Year after year Sergeant Rolf Henniger was officially commemorated in East Germany. His gravesite was decorated and the myth of a hero was kept alive by the military, party and state. But for years the question of how Rolf Henniger had really died continued to pre-occupy his closest relatives.

When the East German archives were opened and the police and public prosecutor opened an investigation in the 1990s, the background of the incident finally came to light. The truth - that a desperate East German policeman had killed a border soldier while fleeing – was not suitable “as a warning or as a reminder to more vigilantly protect the border and prevent further attacks by the imperialist class enemy of East Germany.”[14] It was also not a good tale of heroism, which is why it was concealed from the family as a state secret.

But the heroic border soldier Rolf Henniger only existed in the propaganda. His closest relatives kept the family secret from the state that the young man whose life was taken on November 15, 1968 had probably been waiting for his own opportunity to flee.

[Martin Ahrends/Udo Baron/Hans-Hermann Hertle]

[1] See “Kurzbiografien ermordeter Grenzsoldaten, o. D.,” in: StA Berlin, Az. 27 Js 131/91, Bd. 3, Bl. 192; “Unvergessen sind, die ermordet wurden an dieser Grenze,” in: StA Berlin, Az. 27 Js 131/91, Bd. 3, Bl. 193–196.
[2] “Information des MfS/HA IX/9, 17.11.1968,” in: BStU, MfS, AS 34/70, Bl. 30–31.
[3] On this and the following see ibid., and “MfS/KD Potsdam/Abt. VII, Versuchter Grenzdurchbruch unter Anwendung der Schusswaffe mit Todesfolge,” in: BStU, MfS, AS 34/70, Bl. 34–38.
[4] See “Vermerk der Staatsanwaltschaft Berlin, 25.1.1994,” in: StA Berlin, Az. 27/2 Js 131/91, Bd. 3, Bl. 114–117, here Bl. 114.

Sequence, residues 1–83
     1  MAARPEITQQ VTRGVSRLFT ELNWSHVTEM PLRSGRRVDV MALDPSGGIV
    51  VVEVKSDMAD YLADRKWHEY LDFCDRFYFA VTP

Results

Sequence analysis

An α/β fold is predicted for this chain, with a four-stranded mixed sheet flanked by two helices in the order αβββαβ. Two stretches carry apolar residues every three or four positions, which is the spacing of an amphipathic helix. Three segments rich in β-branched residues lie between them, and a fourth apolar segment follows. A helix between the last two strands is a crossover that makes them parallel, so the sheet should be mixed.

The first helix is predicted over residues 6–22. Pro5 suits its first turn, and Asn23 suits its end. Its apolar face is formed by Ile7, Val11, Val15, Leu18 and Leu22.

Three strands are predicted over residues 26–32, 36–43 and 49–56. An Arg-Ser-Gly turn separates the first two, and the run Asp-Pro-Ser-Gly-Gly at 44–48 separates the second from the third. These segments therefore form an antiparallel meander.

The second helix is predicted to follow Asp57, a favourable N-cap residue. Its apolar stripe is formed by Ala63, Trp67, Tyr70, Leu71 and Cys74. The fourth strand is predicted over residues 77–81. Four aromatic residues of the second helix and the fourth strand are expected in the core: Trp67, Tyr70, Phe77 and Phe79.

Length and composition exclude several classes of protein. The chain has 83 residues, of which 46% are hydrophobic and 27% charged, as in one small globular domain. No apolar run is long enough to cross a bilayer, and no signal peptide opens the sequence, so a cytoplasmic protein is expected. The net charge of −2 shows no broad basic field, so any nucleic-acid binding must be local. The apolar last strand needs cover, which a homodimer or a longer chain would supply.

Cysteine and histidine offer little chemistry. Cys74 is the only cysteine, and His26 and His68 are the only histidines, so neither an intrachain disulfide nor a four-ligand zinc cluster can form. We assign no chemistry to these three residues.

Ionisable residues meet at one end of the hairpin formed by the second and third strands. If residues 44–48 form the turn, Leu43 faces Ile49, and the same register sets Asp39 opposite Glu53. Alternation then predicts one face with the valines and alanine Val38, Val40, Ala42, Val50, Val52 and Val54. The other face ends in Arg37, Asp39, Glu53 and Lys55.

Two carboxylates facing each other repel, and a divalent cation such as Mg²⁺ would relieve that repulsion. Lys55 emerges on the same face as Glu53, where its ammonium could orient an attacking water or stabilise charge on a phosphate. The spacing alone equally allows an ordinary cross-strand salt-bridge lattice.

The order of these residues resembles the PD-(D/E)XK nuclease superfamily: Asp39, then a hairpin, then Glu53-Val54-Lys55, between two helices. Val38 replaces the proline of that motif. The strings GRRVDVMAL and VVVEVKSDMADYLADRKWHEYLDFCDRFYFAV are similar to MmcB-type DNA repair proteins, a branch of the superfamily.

[5] “NVA-Grenzsoldat von Provokateur ermordet,” in: Neues Deutschland, 17.11.1968.
[6] See the files on Rolf Henniger’s burial, in: BArch, VA-07/18353, Bl. 453 ff.
[7] See “Bericht des MfS/HA I/Abwehr B über die Beisetzung des ermordeten Unteroffiziers Rolf Henniger, 22.11.1968,” in: BStU, MfS, ZAIG Nr. 10713, Bl. 186–187.
[8] See Neues Deutschland, 22.11.1968; Berliner Zeitung, 22.11.1968; Volksarmee Nr. 48/1968. The speeches held at the funeral are presented in: BArch, VA-07/18353, Bl. 490 ff.
[9] See Neues Deutschland, 16.11.1978.
[10] See “Bericht des MfS/HA I/Abwehr B über die Beisetzung des ermordeten Unteroffiziers Rolf Henniger, 22.11.1968,” in: BStU, MfS, ZAIG Nr. 10713, Bl. 187; see also “Abschrift eines Berichtes über den Besuch der nächsten Angehörigen des Uffz. Rolf Henniger, 2.12.1968,” in: BStU, MfS, ZAIG Nr. 10713, Bl. 160–161.
[11] “Informationsbericht des MfS/KD Saalfeld, 21.11.1968,” in: BStU, MfS, ZAIG Nr. 10713, Bl. 180–182.
[12] Ibid., Bl. 181.
[13] See the letter and questioning of Rolf Henniger’s family, 20.12.1968, 16.1.1969 and 28.8.1969, in: StA Berlin, Az. 27/2 Js 131/91, Bd. 1, Bl. 23/24, 26 und 44.
[14] See Märkische Volksstimme, 21.11.1968.